The Polish alto Jadwiga Rappé is a familiar voice in various stage and concert works, and the recent release of a selection of songs by Stanisław Moniuszko (1819-1872) is an opportunity to hear her performing artsongs.
Originally released on multiple discs in 1981 this reissue on two CDs is a comprehensive collection of art songs by Italian and French composers from the nineteenth and early twentieth centuries.
An exciting contribution to the discography of this popular opera, the live performance of Richard Strauss’s Salome from the Festspielhaus at Baden-Baden is a compelling DVD.
19 Jan 2007
These recordings prove decisively a well-known thesis: more or less realistic productions always age better than so called innovative modern productions which often only aggrandize the clichés of the time of their conception if one views them a few decades after their première.
This doesn’t mean that ‘the next swan’ puts in an appearance in the Everding production at the Met ( brilliant lighting does the job) but the designs and costumes transfer us to Antwerp in the early middle ages. Exact dating of the opera is even possible: between 919 and 936, as those were the years Heinrich der Vögler was German king (though to be honest, the duchy of Brabant, where this reviewer is living, only got its name some 150 years later). Anyway, the Met production’s sets and costumes are roughly apt for the period and Elsa at least, wears some robes fit for a duke’s daughter instead of the same ugly colourless night gown Friedrich and his team thought fit for the Bayreuth production. Peter Hofmann too looks far better in his fine Met costumes than in the now hopelessly dated half knight/ half astronaut plastic (or is it metal ?) he has to wear in Germany. Friedrich probably had some ‘democratic’ problems with the king being graciously attended to, and so he has the singer seated on the steps of the stairs among all the other nobles. At the Met the king gets his throne during his hearing and the scene all at once doesn’t look ridiculous anymore. Time and again one sighs at Friedrich’s solutions and with relief one returns to Everding.
The Bayreuth production, however, has one distinct advantage over the Met’s. Four years and a lot of heavy Wagner roles later have taken their toll on Hofmann’s voice. The shine of it has somewhat disappeared and there is more strain in the high register. Granted, there is more refinement and some fine piannismi phrasing too at the Met, but these don’t quite compensate for the loss of vocal strength. This doesn’t mean the Bayreuth performance is perfect. After all this is Wagner’s most Italian opera and the recordings of De Lucia and Pertile prove what an Italian tenor could do with it. I sorely miss the ‘morbidezza’, the sweetness and sensuality, a good tenor can bring to the role, and next to Sandor Konya, Hofmann pales. Leif Roar too has not improved in the few years between the two recordings. In Bayreuth he is an impressive Telramund and he sings with the dark-burnished sound apt for the role. At the Met his singing is often crude and soon becomes barking before degenerating into shouting. Siegfried Vogel too at Bayreuth is vocally more impressive than the Met’s John Macurdy, who has some flat notes. Both Bernd Weikl and Anthony Raffell (a name unknown to me) sing a sturdy and strong Heerrufer. I don’t think nowadays both houses are still able to cast this small role with such outstanding talent.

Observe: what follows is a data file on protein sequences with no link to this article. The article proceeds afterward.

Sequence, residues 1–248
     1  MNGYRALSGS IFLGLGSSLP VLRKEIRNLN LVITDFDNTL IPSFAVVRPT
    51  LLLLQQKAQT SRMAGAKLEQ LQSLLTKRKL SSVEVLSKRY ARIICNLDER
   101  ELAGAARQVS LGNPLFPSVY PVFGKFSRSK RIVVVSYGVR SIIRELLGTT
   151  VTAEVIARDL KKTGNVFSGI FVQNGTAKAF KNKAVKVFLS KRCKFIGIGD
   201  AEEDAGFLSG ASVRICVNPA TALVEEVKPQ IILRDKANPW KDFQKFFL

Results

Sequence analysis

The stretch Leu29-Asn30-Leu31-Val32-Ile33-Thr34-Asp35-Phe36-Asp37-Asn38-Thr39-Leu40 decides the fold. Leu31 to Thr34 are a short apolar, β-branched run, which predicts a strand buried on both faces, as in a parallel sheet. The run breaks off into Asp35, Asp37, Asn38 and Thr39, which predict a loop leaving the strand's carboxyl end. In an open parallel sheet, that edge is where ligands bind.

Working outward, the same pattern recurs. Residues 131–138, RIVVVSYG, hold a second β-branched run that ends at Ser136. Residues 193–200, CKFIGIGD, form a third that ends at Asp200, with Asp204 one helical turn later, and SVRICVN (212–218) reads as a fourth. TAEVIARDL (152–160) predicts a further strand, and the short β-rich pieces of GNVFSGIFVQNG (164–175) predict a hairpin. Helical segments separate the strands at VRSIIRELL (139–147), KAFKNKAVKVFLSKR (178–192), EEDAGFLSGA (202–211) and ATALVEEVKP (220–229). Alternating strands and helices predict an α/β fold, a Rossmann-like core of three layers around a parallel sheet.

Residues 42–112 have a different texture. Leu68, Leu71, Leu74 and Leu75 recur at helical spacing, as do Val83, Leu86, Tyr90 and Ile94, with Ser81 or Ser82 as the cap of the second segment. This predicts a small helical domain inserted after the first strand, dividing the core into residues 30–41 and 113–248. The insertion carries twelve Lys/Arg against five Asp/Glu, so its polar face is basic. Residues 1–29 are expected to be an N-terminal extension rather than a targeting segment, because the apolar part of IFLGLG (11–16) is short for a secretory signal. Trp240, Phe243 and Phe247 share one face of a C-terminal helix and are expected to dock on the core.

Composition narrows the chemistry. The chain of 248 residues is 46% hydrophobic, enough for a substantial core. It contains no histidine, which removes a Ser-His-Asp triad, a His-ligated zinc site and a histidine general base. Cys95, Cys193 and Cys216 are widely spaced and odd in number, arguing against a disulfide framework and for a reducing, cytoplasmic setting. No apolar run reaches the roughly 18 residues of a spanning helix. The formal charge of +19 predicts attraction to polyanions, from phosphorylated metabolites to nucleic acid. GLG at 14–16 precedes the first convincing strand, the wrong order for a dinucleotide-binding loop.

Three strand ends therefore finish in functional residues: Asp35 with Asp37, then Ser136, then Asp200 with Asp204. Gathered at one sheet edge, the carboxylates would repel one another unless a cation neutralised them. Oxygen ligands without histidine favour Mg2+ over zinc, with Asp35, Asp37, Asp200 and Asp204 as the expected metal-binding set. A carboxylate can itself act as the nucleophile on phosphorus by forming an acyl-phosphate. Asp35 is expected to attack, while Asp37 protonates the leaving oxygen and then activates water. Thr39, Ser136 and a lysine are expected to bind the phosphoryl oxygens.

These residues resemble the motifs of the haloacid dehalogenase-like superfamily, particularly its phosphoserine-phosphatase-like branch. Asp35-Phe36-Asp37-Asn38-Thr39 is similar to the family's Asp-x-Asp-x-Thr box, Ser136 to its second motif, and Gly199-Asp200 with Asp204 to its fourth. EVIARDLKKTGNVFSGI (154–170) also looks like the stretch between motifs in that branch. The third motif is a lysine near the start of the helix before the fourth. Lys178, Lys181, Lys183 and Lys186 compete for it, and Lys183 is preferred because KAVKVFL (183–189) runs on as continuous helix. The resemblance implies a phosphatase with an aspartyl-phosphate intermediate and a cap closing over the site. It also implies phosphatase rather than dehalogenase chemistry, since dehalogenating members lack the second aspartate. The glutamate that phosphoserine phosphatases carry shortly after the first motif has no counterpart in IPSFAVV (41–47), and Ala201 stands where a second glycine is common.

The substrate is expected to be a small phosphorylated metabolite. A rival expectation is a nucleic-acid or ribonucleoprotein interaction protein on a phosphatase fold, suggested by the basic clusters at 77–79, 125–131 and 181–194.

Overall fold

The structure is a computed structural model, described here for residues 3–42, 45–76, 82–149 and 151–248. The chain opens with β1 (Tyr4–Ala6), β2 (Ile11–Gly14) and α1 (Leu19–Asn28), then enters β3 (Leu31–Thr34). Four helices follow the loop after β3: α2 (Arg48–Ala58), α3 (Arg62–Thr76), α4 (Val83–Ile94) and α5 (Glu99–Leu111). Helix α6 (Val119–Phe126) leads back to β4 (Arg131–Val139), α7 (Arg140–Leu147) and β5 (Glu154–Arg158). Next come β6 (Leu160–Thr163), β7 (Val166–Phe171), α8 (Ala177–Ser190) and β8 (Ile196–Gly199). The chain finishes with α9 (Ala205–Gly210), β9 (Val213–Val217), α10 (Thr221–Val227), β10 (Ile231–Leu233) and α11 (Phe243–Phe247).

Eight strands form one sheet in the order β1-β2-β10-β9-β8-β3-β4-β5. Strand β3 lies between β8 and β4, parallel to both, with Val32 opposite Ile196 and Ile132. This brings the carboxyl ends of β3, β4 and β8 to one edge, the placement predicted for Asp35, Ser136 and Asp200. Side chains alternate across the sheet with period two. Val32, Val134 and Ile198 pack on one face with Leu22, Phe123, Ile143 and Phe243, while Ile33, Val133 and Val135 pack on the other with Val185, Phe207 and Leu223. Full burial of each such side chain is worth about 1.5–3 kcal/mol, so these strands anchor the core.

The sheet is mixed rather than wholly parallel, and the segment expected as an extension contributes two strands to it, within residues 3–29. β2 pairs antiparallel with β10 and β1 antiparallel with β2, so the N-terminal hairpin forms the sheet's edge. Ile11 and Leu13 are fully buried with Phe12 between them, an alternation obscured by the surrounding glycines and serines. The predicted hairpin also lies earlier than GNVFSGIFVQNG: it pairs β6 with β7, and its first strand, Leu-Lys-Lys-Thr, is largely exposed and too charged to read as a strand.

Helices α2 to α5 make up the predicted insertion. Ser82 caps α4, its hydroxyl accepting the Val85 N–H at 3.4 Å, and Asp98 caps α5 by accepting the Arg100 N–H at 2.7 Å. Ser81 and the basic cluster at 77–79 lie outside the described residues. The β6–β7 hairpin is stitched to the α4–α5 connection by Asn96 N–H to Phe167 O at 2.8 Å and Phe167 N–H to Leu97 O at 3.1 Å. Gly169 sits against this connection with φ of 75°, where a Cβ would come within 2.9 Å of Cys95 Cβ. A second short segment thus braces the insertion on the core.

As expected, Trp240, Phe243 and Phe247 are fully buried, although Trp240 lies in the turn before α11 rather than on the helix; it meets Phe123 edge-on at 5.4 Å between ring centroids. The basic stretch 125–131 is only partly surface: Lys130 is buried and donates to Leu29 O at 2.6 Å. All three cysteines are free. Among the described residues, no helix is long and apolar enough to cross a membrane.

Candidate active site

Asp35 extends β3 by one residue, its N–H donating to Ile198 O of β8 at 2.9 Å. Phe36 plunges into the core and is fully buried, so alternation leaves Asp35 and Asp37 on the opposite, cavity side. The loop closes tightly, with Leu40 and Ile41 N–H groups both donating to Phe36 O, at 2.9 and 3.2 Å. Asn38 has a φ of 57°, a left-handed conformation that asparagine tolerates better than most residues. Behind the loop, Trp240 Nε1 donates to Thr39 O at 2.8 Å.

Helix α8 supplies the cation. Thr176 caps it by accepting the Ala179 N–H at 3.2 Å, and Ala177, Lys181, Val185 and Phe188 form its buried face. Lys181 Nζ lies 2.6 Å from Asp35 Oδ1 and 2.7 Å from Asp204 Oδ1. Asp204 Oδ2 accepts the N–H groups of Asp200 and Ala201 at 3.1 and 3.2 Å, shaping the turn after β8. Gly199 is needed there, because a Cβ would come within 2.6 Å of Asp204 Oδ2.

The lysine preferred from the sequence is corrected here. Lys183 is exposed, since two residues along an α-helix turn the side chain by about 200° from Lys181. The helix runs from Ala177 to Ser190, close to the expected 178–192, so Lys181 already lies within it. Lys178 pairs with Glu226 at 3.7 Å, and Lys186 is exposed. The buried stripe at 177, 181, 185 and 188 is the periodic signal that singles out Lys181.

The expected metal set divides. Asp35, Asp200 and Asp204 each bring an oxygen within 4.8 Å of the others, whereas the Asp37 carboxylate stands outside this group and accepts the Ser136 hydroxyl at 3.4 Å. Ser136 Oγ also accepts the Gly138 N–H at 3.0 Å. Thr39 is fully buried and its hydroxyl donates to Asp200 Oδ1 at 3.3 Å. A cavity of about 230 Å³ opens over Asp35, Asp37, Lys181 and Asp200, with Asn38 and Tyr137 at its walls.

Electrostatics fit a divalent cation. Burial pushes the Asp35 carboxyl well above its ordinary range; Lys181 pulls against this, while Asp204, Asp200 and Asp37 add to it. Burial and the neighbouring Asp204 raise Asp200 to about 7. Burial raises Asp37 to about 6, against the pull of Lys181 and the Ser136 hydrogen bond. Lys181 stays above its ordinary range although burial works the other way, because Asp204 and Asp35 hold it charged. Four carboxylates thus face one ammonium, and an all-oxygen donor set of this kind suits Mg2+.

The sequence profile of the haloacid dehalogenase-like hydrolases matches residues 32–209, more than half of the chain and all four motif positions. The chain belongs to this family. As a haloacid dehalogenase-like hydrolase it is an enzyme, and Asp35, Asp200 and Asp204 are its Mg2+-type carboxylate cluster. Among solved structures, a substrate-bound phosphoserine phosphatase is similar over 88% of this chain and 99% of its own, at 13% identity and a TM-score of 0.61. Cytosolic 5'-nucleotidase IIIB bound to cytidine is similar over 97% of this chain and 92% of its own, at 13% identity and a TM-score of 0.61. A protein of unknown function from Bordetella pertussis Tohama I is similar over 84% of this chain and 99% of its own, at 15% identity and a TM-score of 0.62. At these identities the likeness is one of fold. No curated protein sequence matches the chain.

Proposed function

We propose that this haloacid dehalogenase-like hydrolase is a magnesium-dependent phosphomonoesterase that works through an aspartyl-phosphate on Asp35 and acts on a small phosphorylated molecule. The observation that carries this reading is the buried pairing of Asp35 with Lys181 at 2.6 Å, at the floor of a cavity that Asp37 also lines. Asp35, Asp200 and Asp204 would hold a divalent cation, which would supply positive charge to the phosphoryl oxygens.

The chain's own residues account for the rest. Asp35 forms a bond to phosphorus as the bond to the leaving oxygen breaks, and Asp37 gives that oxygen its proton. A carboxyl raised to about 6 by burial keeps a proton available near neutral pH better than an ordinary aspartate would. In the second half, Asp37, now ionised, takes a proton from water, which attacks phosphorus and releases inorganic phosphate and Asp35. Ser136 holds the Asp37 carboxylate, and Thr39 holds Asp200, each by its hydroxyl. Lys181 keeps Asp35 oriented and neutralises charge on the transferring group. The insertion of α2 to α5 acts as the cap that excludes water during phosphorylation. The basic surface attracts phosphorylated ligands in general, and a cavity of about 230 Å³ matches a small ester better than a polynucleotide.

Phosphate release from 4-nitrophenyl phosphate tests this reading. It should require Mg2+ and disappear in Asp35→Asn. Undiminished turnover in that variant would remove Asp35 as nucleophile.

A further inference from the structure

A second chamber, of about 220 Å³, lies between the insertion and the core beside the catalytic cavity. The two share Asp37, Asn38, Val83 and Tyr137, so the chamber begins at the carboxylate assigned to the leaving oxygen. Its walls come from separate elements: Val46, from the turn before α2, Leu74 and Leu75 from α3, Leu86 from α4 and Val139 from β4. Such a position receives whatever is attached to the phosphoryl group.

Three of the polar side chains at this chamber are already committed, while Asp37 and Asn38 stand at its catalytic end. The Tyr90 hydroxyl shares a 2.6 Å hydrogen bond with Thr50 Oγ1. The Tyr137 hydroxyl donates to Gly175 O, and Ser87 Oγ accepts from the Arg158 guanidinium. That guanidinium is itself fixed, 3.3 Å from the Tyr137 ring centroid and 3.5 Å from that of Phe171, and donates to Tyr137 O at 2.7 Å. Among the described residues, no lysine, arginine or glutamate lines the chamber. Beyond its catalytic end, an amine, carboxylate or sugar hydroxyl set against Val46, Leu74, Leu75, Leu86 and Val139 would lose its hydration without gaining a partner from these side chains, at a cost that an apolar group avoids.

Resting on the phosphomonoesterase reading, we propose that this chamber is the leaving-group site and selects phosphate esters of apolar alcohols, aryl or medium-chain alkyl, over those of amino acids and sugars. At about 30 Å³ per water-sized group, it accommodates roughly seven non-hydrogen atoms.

On the ladies front, however, the Met wins hands down. Karan Armstrong is rather passive and colourless compared with the bigger and more creamy sound of Eva Marton. Elisabeth Connell is a South-African soprano and therefore can more easily cope with the high tessitura of the role but she is no match for the acting and the rich secure top of Leonie Rysanek, stunning at age 60.Woldemar Nelsson is a solid Kapellmeister but already at the prelude there is an aura of magic lacking. James Levine, with his long experience in German and especially Italian opera, immediately plunges into the mystery of the score and keeps it up till the end of the opera. The Met’s orchestra and chorus too are on the same level as the Bayreuth phalanx. As often one wishes one could take the best of these two worlds but in the end Levine, Marton and the production give the Met’s performance a slight edge.